The New Politics of Judicial Elections: 2009-10

October 26, 2011

How special interest "Super Spenders" threatened impartial justice and emboldened unprecedented legislative attacks on America's courts.

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Introduction

On Election Day 2010, for the first time in a generation, three state supreme court justices were swept out of office in a retention election when voters expressed anger over a single controversial decision on same-sex marriage. The special-interest campaign—which poured nearly a million dollars into Iowa to unseat the justices—was the logical culmination of a decade of rising efforts to inject more partisan politics into our courts of law.

Outside money continued its hostile takeover of judicial elections. More than ever, a small num­ber of super spenders played a dominant role in influencing who sits on state supreme courts. Much of this influence was exercised secretly.

But Election Day was only the beginning. Campaign leaders in Iowa issued a blunt warn­ing to judges around the country that they could be next. For the next half year, legislatures across the country unleashed a ferocious round of attacks against impartial justice.

More judges were threatened with impeachment than at any time in memory. Merit selection, an appointment system that has historically kept special-interest money out of high court selec­tion in two dozen states, faced unprecedented assault. Public financing for court elections, one of the signature reforms to protect elected courts in the last decade, was repealed in one state and faced severe funding threats in two others.

The story of the 2009-10 elections, and their aftermath in state legislatures in 2011, reveals a coalescing national campaign that seeks to intimidate America’s state judges into becoming accountable to money and ideologies instead of the constitution and the law. In its full context, the most recent election cycle poses some of the gravest threats yet to fair and impartial justice in America.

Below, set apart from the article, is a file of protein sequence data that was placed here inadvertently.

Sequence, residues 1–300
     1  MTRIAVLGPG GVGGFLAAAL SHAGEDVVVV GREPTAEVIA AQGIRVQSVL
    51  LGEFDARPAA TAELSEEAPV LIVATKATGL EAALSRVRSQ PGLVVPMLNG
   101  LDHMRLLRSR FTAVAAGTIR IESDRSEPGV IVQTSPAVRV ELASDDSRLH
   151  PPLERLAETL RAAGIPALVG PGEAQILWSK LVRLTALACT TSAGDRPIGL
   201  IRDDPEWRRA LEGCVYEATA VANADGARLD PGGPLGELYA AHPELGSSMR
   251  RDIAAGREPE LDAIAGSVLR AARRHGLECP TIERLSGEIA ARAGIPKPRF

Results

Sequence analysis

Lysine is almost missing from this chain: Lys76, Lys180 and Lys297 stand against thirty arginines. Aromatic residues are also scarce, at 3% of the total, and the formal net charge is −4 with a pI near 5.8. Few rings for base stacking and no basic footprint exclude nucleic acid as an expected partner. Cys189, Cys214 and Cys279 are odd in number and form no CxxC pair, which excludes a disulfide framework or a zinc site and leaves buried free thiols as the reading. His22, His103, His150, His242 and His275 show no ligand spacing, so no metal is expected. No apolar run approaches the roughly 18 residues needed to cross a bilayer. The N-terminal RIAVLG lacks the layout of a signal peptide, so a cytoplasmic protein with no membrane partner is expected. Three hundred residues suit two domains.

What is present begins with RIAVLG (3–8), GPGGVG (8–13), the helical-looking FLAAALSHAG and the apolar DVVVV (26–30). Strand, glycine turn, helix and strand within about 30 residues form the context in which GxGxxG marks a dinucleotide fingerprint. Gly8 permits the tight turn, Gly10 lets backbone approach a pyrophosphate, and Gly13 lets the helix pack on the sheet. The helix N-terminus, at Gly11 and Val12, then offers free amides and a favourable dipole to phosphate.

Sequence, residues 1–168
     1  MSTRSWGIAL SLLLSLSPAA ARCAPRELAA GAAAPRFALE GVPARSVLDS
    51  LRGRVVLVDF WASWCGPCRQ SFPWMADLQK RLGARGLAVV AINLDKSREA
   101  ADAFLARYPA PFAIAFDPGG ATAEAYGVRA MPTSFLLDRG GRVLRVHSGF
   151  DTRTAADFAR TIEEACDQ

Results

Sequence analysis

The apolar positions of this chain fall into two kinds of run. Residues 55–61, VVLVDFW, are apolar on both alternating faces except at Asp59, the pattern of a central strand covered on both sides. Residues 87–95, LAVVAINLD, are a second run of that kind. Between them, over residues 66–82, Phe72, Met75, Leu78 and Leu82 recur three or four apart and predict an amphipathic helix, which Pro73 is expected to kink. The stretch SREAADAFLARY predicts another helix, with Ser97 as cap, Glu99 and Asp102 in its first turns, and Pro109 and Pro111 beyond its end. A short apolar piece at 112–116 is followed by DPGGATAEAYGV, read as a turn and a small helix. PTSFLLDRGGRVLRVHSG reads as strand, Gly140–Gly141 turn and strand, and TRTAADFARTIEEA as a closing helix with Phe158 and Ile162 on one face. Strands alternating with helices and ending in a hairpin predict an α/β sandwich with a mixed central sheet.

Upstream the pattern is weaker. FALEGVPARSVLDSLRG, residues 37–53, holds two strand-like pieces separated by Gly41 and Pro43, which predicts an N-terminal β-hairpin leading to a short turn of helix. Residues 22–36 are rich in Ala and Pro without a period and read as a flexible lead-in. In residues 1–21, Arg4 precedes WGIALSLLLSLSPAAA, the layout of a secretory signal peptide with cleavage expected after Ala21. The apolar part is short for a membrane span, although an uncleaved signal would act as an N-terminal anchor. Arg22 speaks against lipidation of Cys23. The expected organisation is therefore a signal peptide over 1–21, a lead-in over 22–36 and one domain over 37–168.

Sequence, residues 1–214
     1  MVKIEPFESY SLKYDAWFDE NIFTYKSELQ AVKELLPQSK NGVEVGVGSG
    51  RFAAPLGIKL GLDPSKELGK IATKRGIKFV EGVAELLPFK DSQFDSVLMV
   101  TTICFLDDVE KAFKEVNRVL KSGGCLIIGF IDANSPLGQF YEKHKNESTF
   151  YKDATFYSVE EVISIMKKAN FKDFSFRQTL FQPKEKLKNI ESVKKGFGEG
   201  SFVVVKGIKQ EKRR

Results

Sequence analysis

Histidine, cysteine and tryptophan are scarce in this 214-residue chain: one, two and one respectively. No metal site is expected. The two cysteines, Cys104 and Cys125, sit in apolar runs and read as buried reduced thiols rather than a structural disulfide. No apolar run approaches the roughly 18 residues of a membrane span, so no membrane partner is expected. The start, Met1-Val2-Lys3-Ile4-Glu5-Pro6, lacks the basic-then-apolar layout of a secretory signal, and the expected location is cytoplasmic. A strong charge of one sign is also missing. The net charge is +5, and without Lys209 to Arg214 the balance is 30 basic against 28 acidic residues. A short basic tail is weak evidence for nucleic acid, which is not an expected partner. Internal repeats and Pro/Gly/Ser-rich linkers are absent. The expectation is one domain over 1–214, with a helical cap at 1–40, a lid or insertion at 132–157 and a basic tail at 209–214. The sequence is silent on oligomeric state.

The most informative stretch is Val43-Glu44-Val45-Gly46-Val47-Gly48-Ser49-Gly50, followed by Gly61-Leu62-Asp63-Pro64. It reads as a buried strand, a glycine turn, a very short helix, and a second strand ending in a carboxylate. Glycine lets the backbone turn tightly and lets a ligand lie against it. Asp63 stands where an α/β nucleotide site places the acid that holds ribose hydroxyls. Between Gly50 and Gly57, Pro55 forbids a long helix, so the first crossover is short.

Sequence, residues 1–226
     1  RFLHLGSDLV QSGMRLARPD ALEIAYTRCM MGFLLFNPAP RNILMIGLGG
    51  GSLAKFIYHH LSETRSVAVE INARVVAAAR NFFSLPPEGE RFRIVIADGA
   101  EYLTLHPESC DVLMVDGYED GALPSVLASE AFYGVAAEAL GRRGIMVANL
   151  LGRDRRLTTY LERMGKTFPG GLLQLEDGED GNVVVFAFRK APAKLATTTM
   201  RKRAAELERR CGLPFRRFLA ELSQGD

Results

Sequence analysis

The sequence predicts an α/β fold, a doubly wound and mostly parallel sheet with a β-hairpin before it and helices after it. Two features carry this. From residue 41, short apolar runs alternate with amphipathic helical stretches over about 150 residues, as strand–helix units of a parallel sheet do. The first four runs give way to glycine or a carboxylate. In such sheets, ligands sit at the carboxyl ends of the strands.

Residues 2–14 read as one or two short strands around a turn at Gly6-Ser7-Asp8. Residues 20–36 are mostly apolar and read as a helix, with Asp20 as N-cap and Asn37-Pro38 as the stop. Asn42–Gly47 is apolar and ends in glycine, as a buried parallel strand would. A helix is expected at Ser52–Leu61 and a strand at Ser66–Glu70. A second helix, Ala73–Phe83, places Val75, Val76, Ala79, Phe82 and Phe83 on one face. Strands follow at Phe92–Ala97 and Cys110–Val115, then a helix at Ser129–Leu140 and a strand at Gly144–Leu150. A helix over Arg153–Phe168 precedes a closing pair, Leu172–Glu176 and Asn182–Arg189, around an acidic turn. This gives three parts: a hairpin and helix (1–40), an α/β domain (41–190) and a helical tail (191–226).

A total of $38.4 million was spent on state high court elections in 2009-10, slightly less than the last non-Presidential election cycle, in 2005-06. However, $16.8 million was spent on television advertising—making 2009-10 the costliest non-presidential election cycle for TV spending in judicial elections. Outside groups, which have no accountability to the candidates, continued their attempts to take over state high court elec­tions, pouring in nearly 30 percent of all money spent—far higher than four years earlier. Two states, Arkansas and Iowa, set fundraising or spending records in 2010, following a decade in which 20 of 22 states with competitive supreme court elections shattered previous fundraising marks.

Laced among these numbers were several wor­rying trends:

  • In many states, small groups of “super spenders” maintained a dominant role, seeking to sway judicial elections with mostly secret money. Of the top 10 super spenders nationally, there was only one newcomer, the National Organization for Marriage. Unlike in 2007-08, when the biggest groups on the left and right established a rough parity, business and conservative groups were the top spenders in 2009-10.
  • Spending also spiked on judicial reten­tion elections, which—with a hand­ful of notable exceptions—had been extremely resistant to special-interest encroachment before 2010. Retention elections accounted for 12 percent of all election spending—compared with just 1 percent for the entire previous decade. [See Chapter 1, The Money Trail]